Foraminal stenosis is the narrowing or tightening of the openings between the bones in your spine. These small openings are called the foramen. Foraminal stenosis is a specific type of spinal stenosis.
Nerves pass though the foramen from your spinal cord out to the rest of your body. When the foramen close in, the nerve roots passing through them can be pinched. A pinched nerve can lead to radiculopathy — or pain, numbness, and weakness in the part of the body the nerve serves.
Foraminal stenosis and pinched nerves are common. In fact, nearly half of all middle-aged and older people have some kind of spinal stenosis and pinched nerves. But not everyone with foraminal stenosis will experience symptoms. Some people may have symptoms that come and go.
You can’t prevent foraminal stenosis, but staying physically active and maintaining a healthy weight can help reduce your risk. Using good posture and technique when sitting, playing sports, exercising, and lifting heavy objects can also help prevent injury to your back. Injuries can lead to stenosis and pinched nerves.
Keep reading to learn about the symptoms, treatment options, and more.
Symptoms of pinched nerves due to foraminal stenosis vary depending on which part of your spine is affected.
Cervical stenosis develops when the foramen of your neck narrow. Pinched nerves in your neck can cause a sharp or burning pain that starts in the neck and travels down your shoulder and arm. Your arm and hand may feel weak and numb with “pins and needles.”
Thoracic stenosis develops when the foramen in the upper portion of your back narrow. Pinched nerve roots in this part of your back can cause pain and numbness that wrap around to the front of your body. This is the least common area to be affected by foraminal stenosis.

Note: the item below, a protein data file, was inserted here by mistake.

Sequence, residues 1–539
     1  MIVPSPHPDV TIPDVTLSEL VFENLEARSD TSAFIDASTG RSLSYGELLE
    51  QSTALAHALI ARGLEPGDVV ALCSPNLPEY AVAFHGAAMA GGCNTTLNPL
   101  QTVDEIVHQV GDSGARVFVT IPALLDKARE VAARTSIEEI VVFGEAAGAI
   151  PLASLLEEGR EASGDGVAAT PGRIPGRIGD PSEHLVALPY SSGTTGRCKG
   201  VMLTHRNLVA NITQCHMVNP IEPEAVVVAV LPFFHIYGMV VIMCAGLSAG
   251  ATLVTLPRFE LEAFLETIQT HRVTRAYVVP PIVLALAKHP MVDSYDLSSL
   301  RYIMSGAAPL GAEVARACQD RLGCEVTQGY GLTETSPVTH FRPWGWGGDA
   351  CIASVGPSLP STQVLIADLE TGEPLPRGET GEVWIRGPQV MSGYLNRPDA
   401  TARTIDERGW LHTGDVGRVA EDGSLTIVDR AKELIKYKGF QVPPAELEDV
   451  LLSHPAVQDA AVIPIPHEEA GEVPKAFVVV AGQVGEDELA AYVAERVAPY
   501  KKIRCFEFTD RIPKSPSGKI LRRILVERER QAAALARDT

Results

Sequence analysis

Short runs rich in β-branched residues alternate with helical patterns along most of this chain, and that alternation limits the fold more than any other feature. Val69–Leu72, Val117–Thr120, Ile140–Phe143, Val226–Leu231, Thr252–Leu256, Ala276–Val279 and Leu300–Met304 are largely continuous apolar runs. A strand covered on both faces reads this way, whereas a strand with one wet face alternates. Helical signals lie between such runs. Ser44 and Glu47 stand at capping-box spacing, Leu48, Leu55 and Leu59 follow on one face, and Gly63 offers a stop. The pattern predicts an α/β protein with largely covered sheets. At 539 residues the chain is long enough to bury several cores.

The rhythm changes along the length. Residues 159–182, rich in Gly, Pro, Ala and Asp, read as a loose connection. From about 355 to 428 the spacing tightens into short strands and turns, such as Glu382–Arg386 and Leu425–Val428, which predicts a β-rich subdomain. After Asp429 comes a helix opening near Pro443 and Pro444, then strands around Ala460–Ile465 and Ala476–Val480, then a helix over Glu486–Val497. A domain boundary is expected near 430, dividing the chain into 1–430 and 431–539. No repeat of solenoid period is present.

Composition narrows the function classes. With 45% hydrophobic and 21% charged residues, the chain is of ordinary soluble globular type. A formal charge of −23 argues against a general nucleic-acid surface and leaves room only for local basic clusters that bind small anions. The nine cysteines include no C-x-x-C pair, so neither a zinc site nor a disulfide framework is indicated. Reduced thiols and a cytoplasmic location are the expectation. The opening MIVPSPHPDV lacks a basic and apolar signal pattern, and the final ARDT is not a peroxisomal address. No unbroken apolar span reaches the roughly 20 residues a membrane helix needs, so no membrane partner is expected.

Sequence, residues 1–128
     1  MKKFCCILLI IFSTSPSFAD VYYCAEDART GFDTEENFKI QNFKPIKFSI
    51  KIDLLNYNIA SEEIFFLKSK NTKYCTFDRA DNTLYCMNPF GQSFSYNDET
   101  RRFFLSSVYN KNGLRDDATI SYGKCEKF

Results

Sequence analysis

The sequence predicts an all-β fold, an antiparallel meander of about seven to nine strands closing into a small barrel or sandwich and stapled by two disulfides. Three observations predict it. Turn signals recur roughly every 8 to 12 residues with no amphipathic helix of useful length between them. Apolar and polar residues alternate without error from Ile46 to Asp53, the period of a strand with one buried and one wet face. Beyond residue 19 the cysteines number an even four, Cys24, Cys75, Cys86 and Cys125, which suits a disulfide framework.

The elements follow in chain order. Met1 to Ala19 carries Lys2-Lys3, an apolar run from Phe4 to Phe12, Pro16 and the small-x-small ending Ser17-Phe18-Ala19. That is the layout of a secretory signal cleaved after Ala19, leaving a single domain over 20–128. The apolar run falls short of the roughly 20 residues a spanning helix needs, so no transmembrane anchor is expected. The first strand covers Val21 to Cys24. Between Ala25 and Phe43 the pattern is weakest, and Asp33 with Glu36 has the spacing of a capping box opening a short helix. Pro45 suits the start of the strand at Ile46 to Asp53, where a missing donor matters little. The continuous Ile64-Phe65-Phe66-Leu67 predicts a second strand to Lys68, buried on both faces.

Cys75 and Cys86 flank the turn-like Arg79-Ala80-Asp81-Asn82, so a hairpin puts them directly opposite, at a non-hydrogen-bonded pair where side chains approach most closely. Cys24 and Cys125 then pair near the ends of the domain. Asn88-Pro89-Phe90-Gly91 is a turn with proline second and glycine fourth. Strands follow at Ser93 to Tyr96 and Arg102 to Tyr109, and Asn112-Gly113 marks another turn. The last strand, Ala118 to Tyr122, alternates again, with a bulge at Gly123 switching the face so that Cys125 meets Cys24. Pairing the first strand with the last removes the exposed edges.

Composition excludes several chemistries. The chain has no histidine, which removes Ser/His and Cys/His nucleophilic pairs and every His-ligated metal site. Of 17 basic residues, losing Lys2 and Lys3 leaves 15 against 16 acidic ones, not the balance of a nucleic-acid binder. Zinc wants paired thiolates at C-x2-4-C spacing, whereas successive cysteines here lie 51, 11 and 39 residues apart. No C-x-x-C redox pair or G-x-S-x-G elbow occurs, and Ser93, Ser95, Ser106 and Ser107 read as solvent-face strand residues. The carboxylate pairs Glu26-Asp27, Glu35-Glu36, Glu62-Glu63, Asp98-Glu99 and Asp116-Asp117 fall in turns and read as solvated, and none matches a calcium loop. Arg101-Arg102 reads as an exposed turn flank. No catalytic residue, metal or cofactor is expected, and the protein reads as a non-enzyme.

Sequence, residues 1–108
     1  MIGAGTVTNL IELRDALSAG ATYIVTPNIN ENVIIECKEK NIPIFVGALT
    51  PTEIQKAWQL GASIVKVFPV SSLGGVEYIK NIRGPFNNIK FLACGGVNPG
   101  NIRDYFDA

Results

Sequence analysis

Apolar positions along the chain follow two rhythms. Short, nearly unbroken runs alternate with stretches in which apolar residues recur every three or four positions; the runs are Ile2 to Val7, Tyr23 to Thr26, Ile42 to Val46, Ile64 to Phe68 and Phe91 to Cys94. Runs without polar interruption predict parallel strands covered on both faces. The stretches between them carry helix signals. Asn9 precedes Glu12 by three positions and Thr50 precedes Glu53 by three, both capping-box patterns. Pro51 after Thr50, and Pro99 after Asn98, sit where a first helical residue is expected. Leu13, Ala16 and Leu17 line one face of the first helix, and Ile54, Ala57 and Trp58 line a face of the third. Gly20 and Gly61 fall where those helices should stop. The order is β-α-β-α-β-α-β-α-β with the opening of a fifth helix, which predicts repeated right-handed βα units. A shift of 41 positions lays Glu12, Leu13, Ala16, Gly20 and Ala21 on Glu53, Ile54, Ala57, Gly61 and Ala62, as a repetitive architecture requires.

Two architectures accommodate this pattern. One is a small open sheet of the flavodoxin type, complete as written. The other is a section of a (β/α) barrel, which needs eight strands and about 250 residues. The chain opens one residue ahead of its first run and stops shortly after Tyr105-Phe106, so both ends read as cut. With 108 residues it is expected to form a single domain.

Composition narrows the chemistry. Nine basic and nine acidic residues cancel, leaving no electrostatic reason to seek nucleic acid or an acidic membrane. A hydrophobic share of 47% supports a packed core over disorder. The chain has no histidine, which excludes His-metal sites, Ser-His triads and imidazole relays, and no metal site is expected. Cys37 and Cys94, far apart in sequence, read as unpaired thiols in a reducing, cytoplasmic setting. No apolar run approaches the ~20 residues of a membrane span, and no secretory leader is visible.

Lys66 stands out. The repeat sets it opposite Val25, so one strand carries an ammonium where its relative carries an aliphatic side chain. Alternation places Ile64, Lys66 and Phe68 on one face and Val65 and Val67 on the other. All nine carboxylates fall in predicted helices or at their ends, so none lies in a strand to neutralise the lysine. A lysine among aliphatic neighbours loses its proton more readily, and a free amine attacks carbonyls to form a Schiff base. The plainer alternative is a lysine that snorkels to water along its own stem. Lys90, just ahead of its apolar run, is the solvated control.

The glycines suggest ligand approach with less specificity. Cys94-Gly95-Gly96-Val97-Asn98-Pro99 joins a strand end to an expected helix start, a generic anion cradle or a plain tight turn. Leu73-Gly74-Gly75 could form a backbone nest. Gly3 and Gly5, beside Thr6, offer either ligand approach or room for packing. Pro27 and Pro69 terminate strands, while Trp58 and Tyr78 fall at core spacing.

Lumbar stenosis develops when the foramen of your low back narrow. The lower back is the section of your spine most likely to be affected by foraminal stenosis. This can be felt as pain, tingling, numbness, and weakness in the buttock, leg, and sometimes the foot. Sciatica is a term you may have heard for this type of pain.
Your pain may worsen with certain activities, like bending, twisting, reaching, coughing, or sneezing.
You’re more likely to develop foraminal stenosis and pinched nerves as you age. Arthritis and the wear and tear of daily living often lead to changes in your spine that narrow the foramen. But injury can cause stenosis as well, especially in younger people.
For example, one cause of foraminal stenosis is a bulging or herniated disk. These cushioning disks between your spinal bones can slip out of place or become damaged. The bulging disk presses on the foramen and nerve root. This is most likely to happen in your lower back.
Other less common causes of foraminal stenosis include:
- enlargement of ligaments around the spine
- cysts or tumors
- bone disease, such as Paget’s disease
- genetic conditions, such as dwarfism
If you have pain that radiates down your arm or leg or feelings of numbness that last for several days, you should see with your doctor.
At your appointment, your doctor will start with a physical exam. They’ll check your movement, muscle strength, level of pain and numbness, and reflexes.
Your doctor may order some imaging scans and other tests to confirm the diagnosis:
- X-rays can be used to see alignment of the bones of your spine and narrowing of the foramen.
- MRI scans can detect damage in the soft tissues, such as ligaments and disks.
- CT scans can show more detail than X-rays, allowing your doctor to see bone spurs near the foramen.
- Electromyography and nerve conduction studies are done together to see if your nerve is working properly. These tests help your doctor figure out if your symptoms are caused by pressure on spinal nerve roots or by another condition.